Further, most of the Board of Directors have very skilled and experienced executive types on them. I see their email addresses and many are with prominent companies. So at the end-of-the-day, as we close out 2012 there is strong price support in the low end of the single-family market. But some of the middle and upper end of the condominium market remain good values in light of their price-per-square-foot and HOA fees.
The REO closing of 19 Evergreen at $230,000. This 1950’s 3 bedroom / 2 bath home in Old Mammoth is really a bottom-of-the- barrel residential purchase. This sale was financed, but property needed plenty of fix-up. The majority of potential buyers balked at this listing. But the market reality is that this buyer closed at almost $150,000 less than the current least-expensive residential listing in the Mammoth market ($375,000).
The sale of an oversized 1 bedroom / 1 bath at The Westin Monache for $282,000. This 5th floor unit with the premium pool and Mammoth Mountain view commanded a significantly higher price. So interesting price discovery continues at The Monache. An upper floor, extra footage, and premium view looks to be a $100,000 in added value.
The sale of four homes in the $480,000 to $530,000 range. Two of these were short sales. All four of these had been on the market extensively over the past 12-24 months. All conventionally built with acceptable floorplans, good to better locations, +/- 2,000 square feet, etc. This is where the market is. All but one of these buyers will likely put $50K-$100K or more of improvements/remodeling into these homes.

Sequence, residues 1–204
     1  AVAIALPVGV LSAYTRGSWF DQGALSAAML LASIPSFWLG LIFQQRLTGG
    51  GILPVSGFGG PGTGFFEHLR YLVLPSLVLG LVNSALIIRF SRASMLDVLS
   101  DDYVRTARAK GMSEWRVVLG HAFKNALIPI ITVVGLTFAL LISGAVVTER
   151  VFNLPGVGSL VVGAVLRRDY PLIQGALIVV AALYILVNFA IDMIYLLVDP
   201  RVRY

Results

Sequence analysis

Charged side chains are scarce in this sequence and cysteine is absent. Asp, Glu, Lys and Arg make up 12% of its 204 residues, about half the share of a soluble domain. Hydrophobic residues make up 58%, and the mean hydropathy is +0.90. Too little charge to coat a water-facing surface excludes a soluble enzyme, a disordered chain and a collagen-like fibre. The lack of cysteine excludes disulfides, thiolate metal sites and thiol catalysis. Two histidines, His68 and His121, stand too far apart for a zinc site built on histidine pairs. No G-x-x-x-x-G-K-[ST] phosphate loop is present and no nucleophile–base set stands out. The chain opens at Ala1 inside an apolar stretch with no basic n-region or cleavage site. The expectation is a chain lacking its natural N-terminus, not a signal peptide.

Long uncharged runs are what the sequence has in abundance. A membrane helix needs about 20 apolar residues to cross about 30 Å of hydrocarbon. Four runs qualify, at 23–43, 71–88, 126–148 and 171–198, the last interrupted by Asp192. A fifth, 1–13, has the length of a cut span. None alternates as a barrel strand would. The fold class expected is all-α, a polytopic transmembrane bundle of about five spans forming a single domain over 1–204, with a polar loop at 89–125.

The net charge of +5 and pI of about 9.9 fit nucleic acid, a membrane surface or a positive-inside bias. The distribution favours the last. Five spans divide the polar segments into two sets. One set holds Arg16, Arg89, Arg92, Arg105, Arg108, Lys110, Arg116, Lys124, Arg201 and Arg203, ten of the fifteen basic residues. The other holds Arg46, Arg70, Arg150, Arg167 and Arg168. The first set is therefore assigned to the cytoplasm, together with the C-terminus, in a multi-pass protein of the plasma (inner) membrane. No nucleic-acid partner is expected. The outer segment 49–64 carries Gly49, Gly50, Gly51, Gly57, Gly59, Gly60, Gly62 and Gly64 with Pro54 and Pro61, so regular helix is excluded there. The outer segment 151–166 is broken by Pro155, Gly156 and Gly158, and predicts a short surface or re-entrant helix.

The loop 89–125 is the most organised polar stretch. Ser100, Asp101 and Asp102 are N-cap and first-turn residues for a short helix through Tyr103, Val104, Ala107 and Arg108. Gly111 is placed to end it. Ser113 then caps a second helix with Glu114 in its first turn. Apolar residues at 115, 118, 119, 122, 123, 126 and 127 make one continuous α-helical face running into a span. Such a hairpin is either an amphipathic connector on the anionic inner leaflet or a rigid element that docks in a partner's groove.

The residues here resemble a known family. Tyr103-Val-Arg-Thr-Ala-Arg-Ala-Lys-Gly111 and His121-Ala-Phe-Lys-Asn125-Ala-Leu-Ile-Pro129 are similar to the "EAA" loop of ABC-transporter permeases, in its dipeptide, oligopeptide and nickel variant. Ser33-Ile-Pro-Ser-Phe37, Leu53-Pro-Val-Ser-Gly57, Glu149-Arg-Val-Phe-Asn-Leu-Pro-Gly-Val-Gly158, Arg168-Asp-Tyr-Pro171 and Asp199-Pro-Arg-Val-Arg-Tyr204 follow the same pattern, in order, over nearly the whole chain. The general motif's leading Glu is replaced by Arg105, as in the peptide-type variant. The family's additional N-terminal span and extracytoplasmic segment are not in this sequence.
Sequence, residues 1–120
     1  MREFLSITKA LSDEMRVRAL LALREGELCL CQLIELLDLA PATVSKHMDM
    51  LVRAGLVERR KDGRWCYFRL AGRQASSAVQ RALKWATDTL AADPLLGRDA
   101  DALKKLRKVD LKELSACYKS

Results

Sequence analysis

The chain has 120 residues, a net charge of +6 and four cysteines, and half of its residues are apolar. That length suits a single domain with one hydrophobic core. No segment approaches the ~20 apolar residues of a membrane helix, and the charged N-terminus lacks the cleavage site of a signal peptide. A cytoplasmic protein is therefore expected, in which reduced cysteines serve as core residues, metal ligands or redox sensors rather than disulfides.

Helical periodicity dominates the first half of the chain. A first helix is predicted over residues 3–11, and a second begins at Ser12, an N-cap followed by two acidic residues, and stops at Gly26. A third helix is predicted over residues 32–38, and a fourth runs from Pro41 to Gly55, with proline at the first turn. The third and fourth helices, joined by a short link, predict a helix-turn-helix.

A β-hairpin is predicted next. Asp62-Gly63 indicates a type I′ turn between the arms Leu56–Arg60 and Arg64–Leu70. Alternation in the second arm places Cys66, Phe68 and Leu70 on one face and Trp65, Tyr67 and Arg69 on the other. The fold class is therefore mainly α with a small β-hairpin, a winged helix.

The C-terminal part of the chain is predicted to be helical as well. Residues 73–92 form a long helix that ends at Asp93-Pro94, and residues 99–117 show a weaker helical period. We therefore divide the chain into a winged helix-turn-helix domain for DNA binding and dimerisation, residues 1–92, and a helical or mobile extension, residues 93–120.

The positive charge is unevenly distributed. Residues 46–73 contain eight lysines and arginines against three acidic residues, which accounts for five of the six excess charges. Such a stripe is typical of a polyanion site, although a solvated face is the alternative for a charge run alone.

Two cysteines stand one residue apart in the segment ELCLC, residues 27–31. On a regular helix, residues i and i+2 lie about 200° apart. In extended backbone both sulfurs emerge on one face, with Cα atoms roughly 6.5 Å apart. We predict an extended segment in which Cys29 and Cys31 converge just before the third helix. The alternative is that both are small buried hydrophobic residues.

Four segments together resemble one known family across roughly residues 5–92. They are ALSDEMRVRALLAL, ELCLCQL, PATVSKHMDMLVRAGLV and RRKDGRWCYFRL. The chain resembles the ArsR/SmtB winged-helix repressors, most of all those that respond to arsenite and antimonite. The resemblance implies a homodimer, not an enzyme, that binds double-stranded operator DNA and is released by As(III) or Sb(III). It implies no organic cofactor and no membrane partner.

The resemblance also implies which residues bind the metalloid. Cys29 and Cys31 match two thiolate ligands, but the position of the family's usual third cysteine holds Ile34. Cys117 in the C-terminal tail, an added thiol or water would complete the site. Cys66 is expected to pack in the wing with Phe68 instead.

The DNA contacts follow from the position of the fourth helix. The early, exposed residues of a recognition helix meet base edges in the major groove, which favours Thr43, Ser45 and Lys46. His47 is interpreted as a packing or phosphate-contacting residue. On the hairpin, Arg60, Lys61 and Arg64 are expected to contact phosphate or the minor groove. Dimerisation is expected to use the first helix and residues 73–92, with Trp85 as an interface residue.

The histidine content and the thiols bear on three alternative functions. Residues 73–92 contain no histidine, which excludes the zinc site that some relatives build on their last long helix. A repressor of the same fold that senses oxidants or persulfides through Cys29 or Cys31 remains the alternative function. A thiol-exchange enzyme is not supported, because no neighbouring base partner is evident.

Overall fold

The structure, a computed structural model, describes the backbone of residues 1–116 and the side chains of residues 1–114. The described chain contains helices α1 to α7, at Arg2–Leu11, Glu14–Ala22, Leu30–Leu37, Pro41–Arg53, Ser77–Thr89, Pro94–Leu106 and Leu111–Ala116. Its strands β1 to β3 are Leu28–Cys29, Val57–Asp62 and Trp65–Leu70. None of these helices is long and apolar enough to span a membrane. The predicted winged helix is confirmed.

The sale of a 2 bedroom / 2 bath at Grand Sierra Lodge for $384,000. This was a fairly lackluster unit, no special location or condition. But a sale is a sale and there haven’t been too many in the Village the last few months. But good snow and plenty of winter visitors will likely change that. I’ll be watching.
Other Real Estate News
Despite Fannie Mae and Freddie Mac’s holiday moratorium on foreclosures, other institutions (Bank of America, Indy Mac, Chase, etc) have accelerated foreclosures the past two weeks. This is the expected post-election “the party is over” move to start moving these assets off the books (the squatters have voted!). We were assigned 4 new quality assets during the period. Whether deliberate or not, the banks have put a decent “bottom” in the Mammoth real estate market in the past 12 months. We’ll see for how long.
2013 will be a new year. We have no idea how Washington DC will tinker with the Debt Forgiveness Act which could impact short sales. Or how they will tinker with other parts of the tax code; Will they do something profound (and damaging) like they did in 1986?? Or how will Dodd-Frank impact loan qualifying? Interest rates will remain low but qualifying will only get tougher. It shall be an interesting year.
Merry Christmas and Happy New Year and Happy whatever else you might be celebrating!!
Thanks for reading!
** Closed sales data is compiled from in-house files and public records.